|Country Number (21)||1966||FIRST WAVE|
|Television commenced||June 1964|
|Language/s||English and French|
Television Stations / Channels
Mauritius began its television service in 1964.
There is just one television station: Mauritius Broadcasting Corporation.
Colour transmissions began in 1973 using the SECAM colour broadcast system.
The principal languages of Mauritius are French and English. Television broadcasts were in both or either language (possibly supported by subtitles).
Doctor Who aired in English.
DOCTOR WHO IN MAURITIUS
Mauritius was the 21st country to screen Doctor Who (see Selling Doctor Who).
It's clear from the listings that a combination of both publications gives an accurate record: however, as the listings show, R did not air.
Stories bought and broadcast
Sixteen stories, 75 episodes (but note the out of order sequencing of three stories) (*):
Mauritius therefore bought GROUP A, B and C (bar one story) of the standard package of William Hartnell stories, although some played out of order.
Although The Chase is recorded as being sold to Mauritius, the fact that it is absent from the TV listings indicates it wasn't actually broadcast. The fact that Mauritius screened Doctor Who during 1966 and 1967, which was when the BBC had placed a moratorium on the sale of Dalek stories, might explain why The Chase was absent from the schedule. (They might have 'bought' the serial, but was later informed that it was not actually able to be screened.)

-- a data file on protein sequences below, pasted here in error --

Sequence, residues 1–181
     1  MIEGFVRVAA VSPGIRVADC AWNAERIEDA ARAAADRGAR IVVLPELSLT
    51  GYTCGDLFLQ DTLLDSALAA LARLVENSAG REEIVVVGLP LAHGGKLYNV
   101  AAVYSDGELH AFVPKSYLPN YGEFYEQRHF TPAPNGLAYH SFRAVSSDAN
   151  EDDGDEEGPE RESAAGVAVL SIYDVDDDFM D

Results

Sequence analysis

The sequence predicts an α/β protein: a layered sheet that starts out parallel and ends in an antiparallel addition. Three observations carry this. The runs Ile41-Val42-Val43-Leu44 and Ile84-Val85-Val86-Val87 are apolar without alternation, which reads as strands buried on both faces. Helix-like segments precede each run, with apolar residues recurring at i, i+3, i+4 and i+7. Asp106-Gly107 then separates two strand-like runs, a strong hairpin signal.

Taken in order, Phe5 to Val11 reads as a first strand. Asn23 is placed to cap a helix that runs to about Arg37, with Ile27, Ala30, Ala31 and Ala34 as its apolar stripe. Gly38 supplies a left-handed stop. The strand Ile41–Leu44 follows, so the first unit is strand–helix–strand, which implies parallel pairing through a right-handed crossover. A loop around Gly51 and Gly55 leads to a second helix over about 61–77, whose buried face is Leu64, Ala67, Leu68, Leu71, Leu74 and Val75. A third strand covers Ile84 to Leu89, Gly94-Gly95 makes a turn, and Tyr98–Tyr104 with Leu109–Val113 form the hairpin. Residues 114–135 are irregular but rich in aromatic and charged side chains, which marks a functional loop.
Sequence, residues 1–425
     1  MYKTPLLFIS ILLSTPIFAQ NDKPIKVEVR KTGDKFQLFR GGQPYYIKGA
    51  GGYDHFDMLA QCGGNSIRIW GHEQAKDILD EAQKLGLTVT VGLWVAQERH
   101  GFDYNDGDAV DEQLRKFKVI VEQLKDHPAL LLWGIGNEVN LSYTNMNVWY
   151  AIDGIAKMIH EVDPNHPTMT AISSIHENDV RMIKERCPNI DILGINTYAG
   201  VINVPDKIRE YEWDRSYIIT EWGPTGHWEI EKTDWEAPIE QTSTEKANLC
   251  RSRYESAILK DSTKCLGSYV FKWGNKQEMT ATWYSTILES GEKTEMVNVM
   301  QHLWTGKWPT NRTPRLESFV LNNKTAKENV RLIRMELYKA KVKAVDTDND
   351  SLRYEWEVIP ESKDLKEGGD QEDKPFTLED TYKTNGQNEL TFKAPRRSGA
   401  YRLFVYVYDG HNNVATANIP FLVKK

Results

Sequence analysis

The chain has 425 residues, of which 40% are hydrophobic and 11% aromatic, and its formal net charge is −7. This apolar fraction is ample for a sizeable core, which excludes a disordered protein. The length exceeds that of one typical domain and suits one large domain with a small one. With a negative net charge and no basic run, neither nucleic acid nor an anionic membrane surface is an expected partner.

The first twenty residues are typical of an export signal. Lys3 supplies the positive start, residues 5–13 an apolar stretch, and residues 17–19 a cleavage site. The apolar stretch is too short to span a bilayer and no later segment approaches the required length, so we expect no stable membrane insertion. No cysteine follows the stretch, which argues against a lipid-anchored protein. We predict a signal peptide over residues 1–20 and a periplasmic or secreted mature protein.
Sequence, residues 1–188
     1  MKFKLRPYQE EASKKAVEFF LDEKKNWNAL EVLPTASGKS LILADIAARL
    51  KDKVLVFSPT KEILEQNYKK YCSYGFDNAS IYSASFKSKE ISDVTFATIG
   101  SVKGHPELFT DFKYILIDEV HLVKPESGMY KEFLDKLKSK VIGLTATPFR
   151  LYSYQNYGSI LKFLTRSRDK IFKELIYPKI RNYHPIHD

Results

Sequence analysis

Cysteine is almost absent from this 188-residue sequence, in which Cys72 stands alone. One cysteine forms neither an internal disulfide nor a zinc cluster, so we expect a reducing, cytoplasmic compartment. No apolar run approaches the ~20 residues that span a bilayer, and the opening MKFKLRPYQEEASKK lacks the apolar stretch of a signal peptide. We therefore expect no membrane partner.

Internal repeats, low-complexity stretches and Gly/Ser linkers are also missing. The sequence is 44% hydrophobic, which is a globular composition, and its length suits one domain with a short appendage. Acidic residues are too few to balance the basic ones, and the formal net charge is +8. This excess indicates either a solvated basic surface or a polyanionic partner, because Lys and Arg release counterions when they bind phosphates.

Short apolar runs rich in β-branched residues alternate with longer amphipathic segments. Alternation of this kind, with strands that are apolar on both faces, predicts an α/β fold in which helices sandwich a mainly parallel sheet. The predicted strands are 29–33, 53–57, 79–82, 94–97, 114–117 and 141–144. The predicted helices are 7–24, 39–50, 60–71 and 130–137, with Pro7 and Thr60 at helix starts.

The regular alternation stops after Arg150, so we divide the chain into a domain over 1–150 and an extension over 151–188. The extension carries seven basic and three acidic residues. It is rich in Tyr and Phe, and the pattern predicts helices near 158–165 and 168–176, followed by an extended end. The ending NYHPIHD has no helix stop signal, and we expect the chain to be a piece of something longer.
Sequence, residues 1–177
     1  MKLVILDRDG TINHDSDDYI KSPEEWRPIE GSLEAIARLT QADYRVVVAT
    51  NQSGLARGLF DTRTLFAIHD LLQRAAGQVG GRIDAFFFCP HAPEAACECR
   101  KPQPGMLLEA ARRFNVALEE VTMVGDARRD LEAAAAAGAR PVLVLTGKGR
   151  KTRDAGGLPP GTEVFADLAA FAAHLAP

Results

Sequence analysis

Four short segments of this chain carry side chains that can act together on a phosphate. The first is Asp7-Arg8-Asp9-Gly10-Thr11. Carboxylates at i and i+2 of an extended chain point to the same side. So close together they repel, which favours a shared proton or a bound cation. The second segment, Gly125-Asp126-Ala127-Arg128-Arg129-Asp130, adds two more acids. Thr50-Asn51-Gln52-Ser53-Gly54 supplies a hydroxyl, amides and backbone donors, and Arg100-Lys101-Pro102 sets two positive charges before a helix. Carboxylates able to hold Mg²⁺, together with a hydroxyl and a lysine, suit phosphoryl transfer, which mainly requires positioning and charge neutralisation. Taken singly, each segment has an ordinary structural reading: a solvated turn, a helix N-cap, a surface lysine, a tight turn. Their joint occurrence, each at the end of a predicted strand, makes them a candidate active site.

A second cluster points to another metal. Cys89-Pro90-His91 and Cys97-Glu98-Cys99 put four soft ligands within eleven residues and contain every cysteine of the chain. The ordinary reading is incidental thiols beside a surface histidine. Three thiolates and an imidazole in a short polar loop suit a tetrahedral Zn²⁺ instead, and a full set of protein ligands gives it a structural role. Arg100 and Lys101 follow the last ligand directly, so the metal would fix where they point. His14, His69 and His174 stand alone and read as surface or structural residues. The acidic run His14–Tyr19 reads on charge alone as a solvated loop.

The programme was supplied as 16mm black and white film prints with English soundtracks.
Origin of the Prints?
Kenya was the previous African country to screen the same initial set of the first 53 episodes; since both countries were serviced by the programme distributor Television International Enterprises Limited / TIE (Programmes) Ltd, it’s possible that Mauritius was supplied with some of the same set of prints that had aired in Kenya. However, it's possible that Mauritius was one of the first countries to receive the Stored Field telerecordings that were struck in early 1967, in which case these prints would have been sent from the BBC rather than from another country.
The reason for the out of order screenings might be due to late receipt of those particular film prints.
The series started on Friday, 21 October 1966, at 6.33pm. It completed its run 75 weeks later, on 29 March 1968. Episode five of The Keys of Marinus is listed twice: 7 and 14 April, indicating it was pre-empted.
The timeslots ranged from 6.25pm to 6.33pm.
As noted below, some of the listings go awry for 18 weeks. If we took those all at face value, then the first episodes of Planet of Giants and The Dalek Invasion of Earth aired together, followed by The Aztecs, then the remaining five episodes of The Dalek Invasion of Earth, while part four of The Romans didn't air, nor part two of The Web Planet.
We have made an attempt to make sense of what we think did screen on the dates when the listing was clearly wrong.